I recently helped a friend finish a marathon, a long held dream in the making.
She was totally prepared. However, a week before the event, at the tail end of winter, she got a virus that developed into a chest infection. Despite this she was determined she would run.
On the day she started well but by the 26-kilometre mark, she started to feel deep fatigue. It was here that I joined her, to run a 5 kilometers stint and to boost her spirits. I could see she was struggling, so I decided to play ‘Chariots of Fire’ and other songs on my phone while we ran to keep her motivated and focused.
At about the 39-kilometre mark, she was quite literally out of breath, her body spent from illness and exhaustion and she needed to stop. I got her to the side of the road and an ambulance was called to check her vital signs. She received pricks to test blood sugar levels and some other tests to make sure she was okay.
After a short break she stated that she was determined to finish the race, despite her body’s protests. We were told by the medics she could run if someone was with her and so I agreed to stay until the end.
She had one more collapse but she did reach the finish line – her goal – and was thrilled to complete the race.
Her experience got me thinking about goal setting and satisfaction. When and why do we feel satisfied?
Some people consistently set themselves goals to measure their advancement. If I’m honest, it’s the way I’ve approached much of my life. I often set lofty goals, wanting my family, colleagues and peers to be captivated and inspired by my passion and success. But truth be told, this approach has also been the bane of my existence. My zeal has often exhausted me and rarely left me feeling satisfied.
Even when some of my rather far-fetched goals have eventually been achieved, I’ve been left and with a tendency to be hungry for more…It’s an exhausting habit! It is also a pattern that is contrary to the teachings of my ongoing yoga practice which focus on self-acceptance, listening to my body and equanimity. In fact, after 10 years of yoga teaching, practicing yoga for 25 years, and continually studying yoga for self-care, I must admit I am still very challenged in this area.
So in my quest to understand gaining a sense of satisfaction in relation to achieving goals, I asked myself what exactly is satisfaction? Can we still feel satisfied if we don’t attain a goal?
One dictionary definition that appealed to me suggests that satisfaction with one’s life implies contentment with ‘or’ acceptance of one’s life circumstances, or the fulfillment of one’s wants and needs for one’s life as a whole. Satisfaction occurs on both a conscious and unconscious level and brings us a sense of being in a balanced state.*
I found this particularly interesting, given my commitment to yoga, and its focus on a balanced life on and off the mat.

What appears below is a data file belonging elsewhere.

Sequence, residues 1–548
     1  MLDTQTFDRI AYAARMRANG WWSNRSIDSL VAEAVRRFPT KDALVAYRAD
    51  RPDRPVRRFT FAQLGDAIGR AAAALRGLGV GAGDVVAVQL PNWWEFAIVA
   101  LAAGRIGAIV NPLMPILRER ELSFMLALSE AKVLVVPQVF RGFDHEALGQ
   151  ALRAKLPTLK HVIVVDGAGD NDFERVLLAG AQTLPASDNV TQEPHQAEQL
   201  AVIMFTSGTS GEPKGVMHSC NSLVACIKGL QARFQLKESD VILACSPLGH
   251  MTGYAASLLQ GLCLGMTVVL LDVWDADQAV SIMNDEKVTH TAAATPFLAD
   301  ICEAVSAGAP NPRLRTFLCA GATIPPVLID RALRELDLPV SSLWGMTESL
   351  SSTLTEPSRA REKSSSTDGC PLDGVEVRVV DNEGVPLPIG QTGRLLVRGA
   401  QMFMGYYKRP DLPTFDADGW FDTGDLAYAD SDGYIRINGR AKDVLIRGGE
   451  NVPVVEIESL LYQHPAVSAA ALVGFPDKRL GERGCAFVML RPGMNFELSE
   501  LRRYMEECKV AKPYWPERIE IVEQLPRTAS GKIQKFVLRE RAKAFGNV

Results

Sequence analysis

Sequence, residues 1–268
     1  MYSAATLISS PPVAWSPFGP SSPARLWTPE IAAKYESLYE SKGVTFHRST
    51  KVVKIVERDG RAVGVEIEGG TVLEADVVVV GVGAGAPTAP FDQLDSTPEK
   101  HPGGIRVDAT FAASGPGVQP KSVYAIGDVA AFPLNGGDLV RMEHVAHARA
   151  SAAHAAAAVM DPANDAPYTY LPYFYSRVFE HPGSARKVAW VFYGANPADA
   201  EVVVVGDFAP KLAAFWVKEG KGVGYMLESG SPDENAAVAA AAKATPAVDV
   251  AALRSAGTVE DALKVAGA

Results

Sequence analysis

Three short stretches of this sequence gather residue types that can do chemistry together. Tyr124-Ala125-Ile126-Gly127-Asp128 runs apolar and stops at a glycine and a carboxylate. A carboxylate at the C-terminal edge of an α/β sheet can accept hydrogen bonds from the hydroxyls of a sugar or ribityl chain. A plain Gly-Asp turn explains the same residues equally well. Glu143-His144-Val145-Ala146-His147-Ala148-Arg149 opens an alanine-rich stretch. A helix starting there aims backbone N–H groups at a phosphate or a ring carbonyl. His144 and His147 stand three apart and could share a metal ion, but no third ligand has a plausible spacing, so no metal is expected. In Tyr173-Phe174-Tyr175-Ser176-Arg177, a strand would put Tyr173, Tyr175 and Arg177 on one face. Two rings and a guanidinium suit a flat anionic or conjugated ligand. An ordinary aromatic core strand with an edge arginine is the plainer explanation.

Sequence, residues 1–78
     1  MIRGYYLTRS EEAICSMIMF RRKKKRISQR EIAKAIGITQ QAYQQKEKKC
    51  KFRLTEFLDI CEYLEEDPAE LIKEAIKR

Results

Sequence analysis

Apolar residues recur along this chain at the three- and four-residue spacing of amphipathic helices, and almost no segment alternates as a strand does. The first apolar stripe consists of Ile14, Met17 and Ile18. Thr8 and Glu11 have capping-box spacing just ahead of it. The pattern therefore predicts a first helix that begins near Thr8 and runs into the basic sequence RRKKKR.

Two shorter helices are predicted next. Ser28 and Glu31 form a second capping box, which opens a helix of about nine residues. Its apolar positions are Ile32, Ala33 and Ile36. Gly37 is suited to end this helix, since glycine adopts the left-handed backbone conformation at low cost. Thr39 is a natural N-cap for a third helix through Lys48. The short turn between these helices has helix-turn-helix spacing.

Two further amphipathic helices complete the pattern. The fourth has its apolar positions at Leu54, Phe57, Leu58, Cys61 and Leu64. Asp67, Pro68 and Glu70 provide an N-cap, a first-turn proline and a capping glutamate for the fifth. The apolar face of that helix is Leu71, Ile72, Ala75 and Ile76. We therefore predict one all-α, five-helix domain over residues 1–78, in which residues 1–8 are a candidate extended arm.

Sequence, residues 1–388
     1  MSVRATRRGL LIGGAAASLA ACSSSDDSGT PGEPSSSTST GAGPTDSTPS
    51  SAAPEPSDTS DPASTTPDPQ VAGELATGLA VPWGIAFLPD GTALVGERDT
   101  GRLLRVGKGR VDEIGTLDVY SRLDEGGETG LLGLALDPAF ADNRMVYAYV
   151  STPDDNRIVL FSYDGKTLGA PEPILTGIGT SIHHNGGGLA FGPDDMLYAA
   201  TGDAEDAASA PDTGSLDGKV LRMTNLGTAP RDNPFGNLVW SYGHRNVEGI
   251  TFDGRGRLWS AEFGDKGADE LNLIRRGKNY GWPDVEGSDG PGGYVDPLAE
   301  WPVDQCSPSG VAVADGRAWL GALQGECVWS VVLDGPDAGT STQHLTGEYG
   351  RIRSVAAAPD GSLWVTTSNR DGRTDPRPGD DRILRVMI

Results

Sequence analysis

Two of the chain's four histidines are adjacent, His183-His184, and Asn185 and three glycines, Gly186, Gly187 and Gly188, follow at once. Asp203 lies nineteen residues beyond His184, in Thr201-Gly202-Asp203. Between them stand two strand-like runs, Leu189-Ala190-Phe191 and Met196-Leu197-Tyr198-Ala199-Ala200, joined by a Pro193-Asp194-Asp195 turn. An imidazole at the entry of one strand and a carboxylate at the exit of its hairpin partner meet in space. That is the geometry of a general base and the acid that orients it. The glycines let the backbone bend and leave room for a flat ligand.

Ever so slowly I’m coming to the realisation that there is merit in cultivating feelings of satisfaction as we work toward meeting a goal, just as much as achieving the goal.
Surely, we would all feel more satisfaction and therefore feel more in balance if we could do that, if we could stop and appreciate smaller “wins” along the way.
Most of us can think of a time when we’ve set a goal. It could be in relation to sport, academic achievement, professional, community or personal goals, even birth plans! We all spend a lot more of the time in the throes practicing whatever we are aiming for than any eventual goal itself. There lies the conundrum, and the opportunity – as we can and should celebrate all of the hard work and practice along the way.
Life is uncertain and there are things that can get in the way of meeting our end goals such as personal injury or illness (like my friend), family matters, the environment, political changes, etc. and because of this, isn’t the journey as relevant, even more relevant, than the destination?
It has been a couple months since my friend ran the marathon and I recently caught up with her and asked how she was feeling about her experience, and whether pushing herself yielded a momentary or a continued satisfaction?
She reflected that with hindsight she probably shouldn’t have completed it for her health sake, but that she knows she would have felt an unrelenting frustration if she hadn’t been able to tick off the goal.
As a yoga teacher and wellbeing advocate I am aware that achieving a balanced state is different for everyone. I am also aware that a balanced state is impermanent.
We all need to work on how to move from a state of being unbalanced gracefully back into a state of being balanced, and be prepared to cycle back around again.
By working on our ability to gauge and address life’s obstacles, changing course when needed, we can cultivate an innate recognition of progress as we work towards our goals and enjoy the process no matter the ultimate outcome.
*Goldenson, R.M. (1984), Longman Dictionary of Psychology and Psychiatry. New York and London: Longman